Collecting unpaid debts is a big business, and although there are many small players in the industry, some relatively large companies have sought to build scale in order to be as efficient as possible. PRA Group (NASDAQ:PRAA) has become a leader in debt collection, but what's especially surprising is that even in a strong economy featuring low unemployment rates and steadily rising wage growth, the company has started to see some favorable trends in its collection activity.
Coming into Tuesday's second-quarter financial report, PRA Group investors had high hopes that the company would see accelerating levels of business activity. PRA's results were even better than many had expected, and they left reason for shareholders to think that even more gains could lie ahead as the business cycle turns.
PRA Group keeps hitting records
PRA Group's second-quarter results showed the strength of the industry. Revenue was higher by 9% to $221.5 million, accelerating from first-quarter levels even though it was slightly less than the 10% growth that those following the stock were expecting to see. Net income attributable to PRA Group soared 68% to $19.6 million, and that produced earnings of $0.43 per share, matching the ambitious consensus forecast from investors.
Global cash collections are the key metric that PRA Group seeks to increase, and the company succeeded in pushing the figure up 9% to $406.6 million. Gains were reasonably balanced across PRA Group's two primary geographical areas and between its core and insolvency groups. The Americas core business showed the greatest absolute gains, climbing to $233.8 million, but European core performance rose faster on a percentage basis. Worldwide collections related to PRA's insolvency practice were also higher by almost 9%. Favorable currency movements lifted overall European results, but the impact wasn't all that large.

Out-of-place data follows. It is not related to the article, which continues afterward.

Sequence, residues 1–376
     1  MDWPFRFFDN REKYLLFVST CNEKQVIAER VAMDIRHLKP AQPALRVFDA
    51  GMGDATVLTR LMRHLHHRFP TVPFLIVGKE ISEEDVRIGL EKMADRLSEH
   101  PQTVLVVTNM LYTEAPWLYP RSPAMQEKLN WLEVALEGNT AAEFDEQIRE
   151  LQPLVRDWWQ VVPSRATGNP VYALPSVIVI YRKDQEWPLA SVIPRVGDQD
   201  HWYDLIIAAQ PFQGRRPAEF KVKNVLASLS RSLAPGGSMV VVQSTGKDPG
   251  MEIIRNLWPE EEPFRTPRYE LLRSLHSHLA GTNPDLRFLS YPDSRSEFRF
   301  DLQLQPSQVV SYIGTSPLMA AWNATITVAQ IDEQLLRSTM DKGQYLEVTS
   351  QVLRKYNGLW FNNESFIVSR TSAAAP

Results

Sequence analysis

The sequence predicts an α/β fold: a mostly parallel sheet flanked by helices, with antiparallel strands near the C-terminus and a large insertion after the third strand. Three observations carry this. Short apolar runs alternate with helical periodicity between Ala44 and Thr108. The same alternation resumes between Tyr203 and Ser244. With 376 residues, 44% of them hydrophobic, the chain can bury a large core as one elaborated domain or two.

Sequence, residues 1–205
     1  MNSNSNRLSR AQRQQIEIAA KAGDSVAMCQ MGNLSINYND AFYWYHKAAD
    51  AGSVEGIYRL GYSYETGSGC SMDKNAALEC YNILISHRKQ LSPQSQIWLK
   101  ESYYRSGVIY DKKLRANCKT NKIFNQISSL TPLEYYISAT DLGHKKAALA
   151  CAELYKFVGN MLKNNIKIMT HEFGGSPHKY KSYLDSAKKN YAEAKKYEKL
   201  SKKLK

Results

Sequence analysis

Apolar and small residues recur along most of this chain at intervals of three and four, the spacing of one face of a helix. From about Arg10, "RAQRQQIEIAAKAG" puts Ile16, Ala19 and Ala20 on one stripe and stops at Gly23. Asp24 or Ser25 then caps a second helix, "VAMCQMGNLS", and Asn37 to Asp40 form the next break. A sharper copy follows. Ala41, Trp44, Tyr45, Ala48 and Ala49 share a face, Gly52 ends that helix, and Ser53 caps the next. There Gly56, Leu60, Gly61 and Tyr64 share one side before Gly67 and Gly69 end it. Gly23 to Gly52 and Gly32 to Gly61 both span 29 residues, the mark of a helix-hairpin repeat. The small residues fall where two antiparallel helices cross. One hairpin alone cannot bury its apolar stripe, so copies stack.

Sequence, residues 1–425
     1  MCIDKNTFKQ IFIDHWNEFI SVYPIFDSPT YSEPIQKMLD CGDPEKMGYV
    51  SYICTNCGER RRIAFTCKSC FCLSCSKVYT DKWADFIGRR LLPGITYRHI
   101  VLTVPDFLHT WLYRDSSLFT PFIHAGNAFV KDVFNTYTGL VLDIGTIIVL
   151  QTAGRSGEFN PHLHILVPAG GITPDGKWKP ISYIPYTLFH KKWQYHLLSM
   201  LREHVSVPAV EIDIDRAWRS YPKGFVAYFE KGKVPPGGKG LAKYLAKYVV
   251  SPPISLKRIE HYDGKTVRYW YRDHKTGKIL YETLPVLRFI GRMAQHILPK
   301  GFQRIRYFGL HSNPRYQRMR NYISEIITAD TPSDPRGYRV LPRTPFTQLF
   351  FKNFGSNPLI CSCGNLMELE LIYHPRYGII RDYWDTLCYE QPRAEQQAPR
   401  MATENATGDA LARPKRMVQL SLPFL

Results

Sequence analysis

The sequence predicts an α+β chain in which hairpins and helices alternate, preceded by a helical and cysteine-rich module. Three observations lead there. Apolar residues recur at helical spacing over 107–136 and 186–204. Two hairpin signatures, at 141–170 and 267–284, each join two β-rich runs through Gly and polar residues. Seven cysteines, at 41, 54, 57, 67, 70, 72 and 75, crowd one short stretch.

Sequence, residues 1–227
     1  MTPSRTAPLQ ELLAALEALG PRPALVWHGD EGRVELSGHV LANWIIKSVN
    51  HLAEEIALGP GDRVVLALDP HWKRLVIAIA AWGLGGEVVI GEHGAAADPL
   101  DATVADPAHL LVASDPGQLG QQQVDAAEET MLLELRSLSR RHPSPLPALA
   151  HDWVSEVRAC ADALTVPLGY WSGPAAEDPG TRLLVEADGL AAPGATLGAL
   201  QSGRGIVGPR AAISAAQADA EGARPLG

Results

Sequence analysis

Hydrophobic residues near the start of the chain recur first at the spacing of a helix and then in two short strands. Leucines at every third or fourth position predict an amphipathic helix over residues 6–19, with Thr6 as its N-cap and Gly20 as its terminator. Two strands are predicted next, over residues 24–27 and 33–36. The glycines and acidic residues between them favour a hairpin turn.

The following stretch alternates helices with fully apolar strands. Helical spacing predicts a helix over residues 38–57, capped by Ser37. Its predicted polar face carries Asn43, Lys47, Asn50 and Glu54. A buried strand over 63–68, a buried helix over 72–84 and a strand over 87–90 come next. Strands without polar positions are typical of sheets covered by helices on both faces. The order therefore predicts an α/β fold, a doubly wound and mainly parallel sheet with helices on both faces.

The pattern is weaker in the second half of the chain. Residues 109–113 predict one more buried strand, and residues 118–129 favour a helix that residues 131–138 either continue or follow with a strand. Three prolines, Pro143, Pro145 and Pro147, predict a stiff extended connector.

The strategy that PRA Group has followed over the years has been to continually invest in new portfolio assets, and that activity continued during the quarter. PRA spent $221.4 million in purchasing finance receivables, boosting its exposure to its Americas core business while devoting relatively little capital to its other business units. The company estimates that it has $5.73 billion left in remaining collections, up more than $400 million from year-ago levels.
CEO Kevin Stevenson was happy with PRA Group's results. "The second quarter was characterized by the same themes we have experienced since late last year -- increased cash collections, increased supply, and appropriate staffing in the U.S., and a focus on discipline and operations in Europe," Stevenson said. The CEO pointed to PRA's record investment in Americas core, and he believes that rising supply trends will keep the business moving forward.
Can PRA Group keep growing?
In particular, PRA sees the environment changing, and it's preparing for a new cyclical upturn. As Stevenson noted, "We have also seen an increase in the number of accounts qualifying for our legal collections channel in the U.S." That creates an opportunity for the company, although it could also bring higher expenses in the short run as PRA Group invests in its legal channel more extensively.
One thing PRA Group shareholders will need to keep an eye on, though, is what happens in 2019. The reduction in income tax rates had a huge impact on PRA Group's bottom line, resulting in a drop in income tax expense of nearly $7 million. Pretax profit for PRA was up just 3.5%, though, and the big question is whether that's where profit growth is likely to revert once tax reform stops having such large positive year-over-year effects.
For now, PRA Group investors seemed less than comfortable with the results, and the stock fell 4% just after the market opened on Wednesday morning following the Tuesday night announcement. However, if the U.S. economy starts to show signs of topping out, then the resulting increase in debt collection activity could be the start of a new leg higher for PRA's business prospects.